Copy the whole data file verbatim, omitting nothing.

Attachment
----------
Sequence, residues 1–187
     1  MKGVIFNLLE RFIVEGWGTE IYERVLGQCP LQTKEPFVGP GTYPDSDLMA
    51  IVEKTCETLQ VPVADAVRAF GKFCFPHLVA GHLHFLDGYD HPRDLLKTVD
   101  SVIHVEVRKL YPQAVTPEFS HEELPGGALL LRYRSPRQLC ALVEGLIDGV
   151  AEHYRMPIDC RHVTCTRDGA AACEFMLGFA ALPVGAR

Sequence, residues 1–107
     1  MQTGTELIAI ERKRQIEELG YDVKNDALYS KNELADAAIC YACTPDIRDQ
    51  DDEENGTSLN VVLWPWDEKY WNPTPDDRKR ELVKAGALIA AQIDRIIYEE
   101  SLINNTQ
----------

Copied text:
Sequence, residues 1–187
     1  MKGVIFNLLE RFIVEGWGTE IYERVLGQCP LQTKEPFVGP GTYPDSDLMA
    51  IVEKTCETLQ VPVADAVRAF GKFCFPHLVA GHLHFLDGYD HPRDLLKTVD
   101  SVIHVEVRKL YPQAVTPEFS HEELPGGALL LRYRSPRQLC ALVEGLIDGV
   151  AEHYRMPIDC RHVTCTRDGA AACEFMLGFA ALPVGAR

Sequence, residues 1–107
     1  MQTGTELIAI ERKRQIEELG YDVKNDALYS KNELADAAIC YACTPDIRDQ
    51  DDEENGTSLN VVLWPWDEKY WNPTPDDRKR ELVKAGALIA AQIDRIIYEE
   101  SLINNTQ